Meringues have always been my fall-back dessert for parties. Having made them more times than I care to think about I have always stayed with the simplest of recipes incorporating just two ingredients, egg whites and castor sugar.
I’ve talked to a lot of people who’ve had problems making meringues which has put them off. Don’t listen to them and don’t be put off making them. Meringues are so easy once you practice a few times and simply the best for a large party, everyone loves them - provided they have a sweet tooth - kids and grown-ups alike.
There are a few simple tricks to making perfect meringues
To make one large meringue, which forms the perfect base for whipped cream and strawberries, or cream with sliced bananas and stem ginger (or anything else you may care to top them with), five large eggs work perfectly.
You will need the following:
A large baking sheet – here’s a large baking sheet which you’ll need if you’re feeding a crowd
Non stick baking liner – Don’t try and use ordinary baking paper, it will stick every time.
Electric Food Mixer – I’m still using my trusty Kenwood Chef which is 2o years old and counting. If you’re making a smaller meringue you could use an electric hand mixer but the larger one is essential if you’re making meringues for a crowd.
Do not try and make this by beating with a fork, balloon whisk or manual hand whisk – it will take you forever, you probably won’t get your mixture stiff enough and you’ll end up with extremely sore arms…..
Large Eggs – I use five for a large meringue
Castor sugar – 2 oz or 56g sugar for every egg white.
Set your oven to 140C before you start.
1. Make sure your mixing bowl and beater are spotless. Any grease and the whites won’t beat properly. Then separate the eggs. Don’t put the egg whites together immediately but separate them into two cups and put the whites one at a time into your mixing bowl. That way if a yolk breaks into one of the whites you can throw it away (or make scrambled eggs). You cannot have any egg yolk in your egg whites when making meringues or you won’t get them to beat up as you need to.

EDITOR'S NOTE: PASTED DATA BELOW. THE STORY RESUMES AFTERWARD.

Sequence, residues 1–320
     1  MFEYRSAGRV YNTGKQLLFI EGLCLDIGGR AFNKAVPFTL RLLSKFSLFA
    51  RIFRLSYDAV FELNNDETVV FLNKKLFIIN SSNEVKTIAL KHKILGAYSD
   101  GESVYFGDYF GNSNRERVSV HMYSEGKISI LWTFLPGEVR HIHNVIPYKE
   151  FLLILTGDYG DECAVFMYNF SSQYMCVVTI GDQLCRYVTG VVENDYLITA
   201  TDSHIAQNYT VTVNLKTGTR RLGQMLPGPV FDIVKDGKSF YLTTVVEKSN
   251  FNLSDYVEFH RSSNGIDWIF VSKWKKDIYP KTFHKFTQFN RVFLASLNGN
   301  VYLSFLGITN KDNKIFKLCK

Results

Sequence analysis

2. When all your egg whites are in the mixing bowl beat until you have stiff peaks when you lift the beater out. Not floppy ones, they must stand up stiffly. As soon as they reach this stage stop beating, as they can get too dry. You’ll go through stages of foam, then the whites rising up in the bowl and turning more dense, then soft peaks and then finally stiff ones.
Some people take the whisk out and stand it up to see if they have a stiff peak. Some turn the whole lot upside down. Personally I wouldn’t do either. The former is unnecessary and the latter just silly……extremely risky (for obvious reasons) and unnecessary.
3. Then start adding your sugar, still beating on high, a tablespoon at a time. You’ll need plenty of time for this as you need to leave time between each addition for it to be properly absorbed. If you’re making a large meringue it can take you as long as 10 minutes to beat all the sugar in. At the end you’ll have a lovely glossy white mountain of meringue mixture.
4. Put your non stick baking liner onto your baking sheet and spoon out the mixture. Spread it out with a fork – some people pipe it out, I don’t - into a round. Take note that the meringue will expand when it cooks.
5. Put it into your pre-set oven just above the middle and leave for an hour and 20 or more depending on how large your meringue is.
If you’re making two you’ll have to have one underneath the other so rotate them half way through. Depending on how many you’ve made, and how thick they are, they can take anything from 1 – 2 hours plus.
If you can, turn them over at the end of cooking (when the sides come off the sheet easily, they won’t ever slide off if they’re large) to dry out the base. Alternatively just turn off the oven or turn it right down and leave them there to dry out thoroughly. This can take several hours.
You may find, with a large meringue, that it’ll have cracks on top when you start to move it. Don’t worry about those. You’re going to cover your meringue in cream anyway. Expect lots of oohs and aahs when you serve it. If the worst happens, other than you dropping it, and your meringue cracks into too many small pieces, you can always turn it into Eton Mess. Here’s Delia Smith’s recipe for Eton Mess.
As with anything, practice makes perfect, try making meringues a few times and you’ll get it right very fast. Nothing, actually, could be easier.